On another level, money is this thing that buys you stuff you want. It's a great tool for creation and/or a great tool for manifesting things. But I think really few of us understand what money is. I know that the deeper I look into money, the more I see about it, the more I understand it, the less I realize I truly know what it is.

Brett: What is not money that people think it is? What is money not?

Joe:   That's a great question. What is money not? I think the people subconsciously think money is love or money is power or money is their father's love or their mother's love. I think that is the subconscious misinterpretation of money that creates a lot of confusion for people.

I remember this one time when I was in, out of all places, El Salvador, and I was in a hammock. I was reading about how WhatsApp had gone public. This is back a while ago when I was a venture capitalist. The story was how this massive success happened with this small investment, and how there was this one venture capitalist who had kind of parted ways with his company just so he could invest in this. I remember it just hit me like a gut punch in the stomach. I immediately stopped and said, “What is this feeling?” I closed my eyes and traced the feeling back to the first time I felt it. I remembered oh man, I've made money a surrogate for my father's love. I had a relationship with my father early on where his love was not something I could get easily, and so money had become this thing I couldn't get easily. The promise of money, like the promise of my father's love, was something that would make me whole again or at least I thought it would.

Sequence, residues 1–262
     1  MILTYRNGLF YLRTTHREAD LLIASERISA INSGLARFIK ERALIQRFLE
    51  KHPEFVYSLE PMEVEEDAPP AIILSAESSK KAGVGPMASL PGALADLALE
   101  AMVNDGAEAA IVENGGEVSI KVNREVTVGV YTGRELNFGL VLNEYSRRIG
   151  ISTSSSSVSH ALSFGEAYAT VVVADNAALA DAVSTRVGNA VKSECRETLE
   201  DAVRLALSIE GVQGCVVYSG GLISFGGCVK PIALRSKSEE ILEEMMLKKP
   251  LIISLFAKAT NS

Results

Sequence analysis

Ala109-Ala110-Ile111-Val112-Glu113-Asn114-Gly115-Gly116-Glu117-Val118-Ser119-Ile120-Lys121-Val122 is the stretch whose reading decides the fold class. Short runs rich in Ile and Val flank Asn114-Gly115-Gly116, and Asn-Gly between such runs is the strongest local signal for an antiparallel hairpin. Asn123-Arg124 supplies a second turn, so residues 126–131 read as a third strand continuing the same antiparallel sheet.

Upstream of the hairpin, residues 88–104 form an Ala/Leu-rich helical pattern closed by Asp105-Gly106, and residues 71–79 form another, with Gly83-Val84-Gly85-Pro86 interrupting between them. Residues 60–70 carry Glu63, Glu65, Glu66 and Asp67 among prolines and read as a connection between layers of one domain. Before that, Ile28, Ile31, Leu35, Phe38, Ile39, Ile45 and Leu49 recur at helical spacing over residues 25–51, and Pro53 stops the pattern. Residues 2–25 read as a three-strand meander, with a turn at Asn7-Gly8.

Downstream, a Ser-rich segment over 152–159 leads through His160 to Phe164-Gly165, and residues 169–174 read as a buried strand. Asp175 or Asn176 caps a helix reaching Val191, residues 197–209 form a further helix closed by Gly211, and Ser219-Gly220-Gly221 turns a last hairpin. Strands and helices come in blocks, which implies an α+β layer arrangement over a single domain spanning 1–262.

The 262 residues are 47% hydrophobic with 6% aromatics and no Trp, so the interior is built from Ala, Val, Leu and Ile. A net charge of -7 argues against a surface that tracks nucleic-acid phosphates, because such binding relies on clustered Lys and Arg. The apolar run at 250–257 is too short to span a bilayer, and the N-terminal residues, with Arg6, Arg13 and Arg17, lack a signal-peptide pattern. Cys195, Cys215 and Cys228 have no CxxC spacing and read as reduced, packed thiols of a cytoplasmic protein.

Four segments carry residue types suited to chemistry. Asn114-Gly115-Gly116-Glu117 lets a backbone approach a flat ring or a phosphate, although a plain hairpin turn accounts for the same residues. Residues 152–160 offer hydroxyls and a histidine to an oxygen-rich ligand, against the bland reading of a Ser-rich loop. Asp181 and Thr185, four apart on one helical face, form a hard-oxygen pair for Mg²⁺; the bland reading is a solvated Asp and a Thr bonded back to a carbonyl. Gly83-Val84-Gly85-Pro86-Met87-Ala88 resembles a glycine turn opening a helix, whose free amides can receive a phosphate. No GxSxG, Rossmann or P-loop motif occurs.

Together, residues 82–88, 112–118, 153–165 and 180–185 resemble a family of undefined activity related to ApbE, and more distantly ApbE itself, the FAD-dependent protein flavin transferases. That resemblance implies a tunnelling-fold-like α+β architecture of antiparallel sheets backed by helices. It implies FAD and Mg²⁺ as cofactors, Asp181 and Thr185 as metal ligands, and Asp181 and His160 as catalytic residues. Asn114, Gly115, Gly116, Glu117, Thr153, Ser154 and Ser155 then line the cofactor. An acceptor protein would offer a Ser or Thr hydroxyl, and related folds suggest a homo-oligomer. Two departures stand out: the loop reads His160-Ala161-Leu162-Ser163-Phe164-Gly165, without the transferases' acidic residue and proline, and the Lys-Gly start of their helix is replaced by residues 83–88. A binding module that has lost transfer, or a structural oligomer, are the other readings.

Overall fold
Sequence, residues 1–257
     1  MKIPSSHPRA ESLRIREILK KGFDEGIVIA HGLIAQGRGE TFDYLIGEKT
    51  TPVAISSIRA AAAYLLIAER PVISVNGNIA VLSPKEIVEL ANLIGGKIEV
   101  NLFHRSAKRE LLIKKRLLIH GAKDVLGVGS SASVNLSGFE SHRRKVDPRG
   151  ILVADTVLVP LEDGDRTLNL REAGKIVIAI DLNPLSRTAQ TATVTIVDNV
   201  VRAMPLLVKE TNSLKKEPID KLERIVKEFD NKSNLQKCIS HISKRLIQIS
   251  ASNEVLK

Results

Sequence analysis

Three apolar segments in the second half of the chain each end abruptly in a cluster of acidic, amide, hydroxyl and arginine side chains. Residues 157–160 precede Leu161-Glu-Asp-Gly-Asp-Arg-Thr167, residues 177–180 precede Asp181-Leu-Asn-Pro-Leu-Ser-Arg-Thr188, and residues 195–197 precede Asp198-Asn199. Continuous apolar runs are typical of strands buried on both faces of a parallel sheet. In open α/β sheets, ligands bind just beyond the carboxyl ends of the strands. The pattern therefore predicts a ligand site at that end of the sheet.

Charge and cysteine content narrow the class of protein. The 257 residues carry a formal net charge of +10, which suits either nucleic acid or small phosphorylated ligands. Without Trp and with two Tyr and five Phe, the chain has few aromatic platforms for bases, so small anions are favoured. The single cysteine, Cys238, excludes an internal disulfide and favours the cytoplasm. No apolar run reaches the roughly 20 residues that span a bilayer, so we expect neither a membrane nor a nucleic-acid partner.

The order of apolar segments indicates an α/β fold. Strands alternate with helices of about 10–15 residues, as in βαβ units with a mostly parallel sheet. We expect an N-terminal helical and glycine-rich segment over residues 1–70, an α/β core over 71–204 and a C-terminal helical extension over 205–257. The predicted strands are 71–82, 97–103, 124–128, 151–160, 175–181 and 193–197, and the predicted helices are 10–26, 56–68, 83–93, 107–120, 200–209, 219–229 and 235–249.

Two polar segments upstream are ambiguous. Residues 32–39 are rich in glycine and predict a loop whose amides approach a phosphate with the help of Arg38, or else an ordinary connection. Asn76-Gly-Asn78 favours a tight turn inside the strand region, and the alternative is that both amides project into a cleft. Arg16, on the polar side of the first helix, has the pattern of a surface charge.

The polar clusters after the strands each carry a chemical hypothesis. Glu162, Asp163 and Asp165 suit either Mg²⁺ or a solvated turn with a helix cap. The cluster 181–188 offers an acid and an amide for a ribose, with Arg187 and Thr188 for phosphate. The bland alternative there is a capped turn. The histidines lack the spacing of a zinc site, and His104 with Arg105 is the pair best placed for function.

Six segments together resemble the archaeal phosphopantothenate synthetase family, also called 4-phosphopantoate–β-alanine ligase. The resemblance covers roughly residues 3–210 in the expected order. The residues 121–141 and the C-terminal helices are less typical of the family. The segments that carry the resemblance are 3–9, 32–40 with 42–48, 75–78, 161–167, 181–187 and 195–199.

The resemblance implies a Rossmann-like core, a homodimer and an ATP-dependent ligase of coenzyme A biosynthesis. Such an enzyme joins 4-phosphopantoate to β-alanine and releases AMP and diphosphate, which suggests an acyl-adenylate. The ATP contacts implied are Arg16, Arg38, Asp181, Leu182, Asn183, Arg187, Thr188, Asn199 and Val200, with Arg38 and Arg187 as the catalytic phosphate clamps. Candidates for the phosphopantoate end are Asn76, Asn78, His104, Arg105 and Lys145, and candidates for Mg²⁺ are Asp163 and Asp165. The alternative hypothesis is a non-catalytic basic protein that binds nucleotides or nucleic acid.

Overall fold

It wasn't my first iteration with my money. My first iteration with money is that money was evil, and that was also when I was really angry at my father. It's like I started to put points together to realize, that my relationship with money and then I discovered most other people I meet, their relationship with money often follows a pattern of their relationship with the love of their parents or their relationships with love of authority or their relationship of something important in their early childhood. Money has become a surrogate for whatever relationship that is.

Brett: What are some other things that money can become a surrogate for?

Joe:   Like I said, relationship with authority, relationship with parents in that aspect and then there's another aspect. Money can become a surrogate for security. Money can become a surrogate for community. Money can become a surrogate for power or empowerment. Money can become a surrogate for experience itself.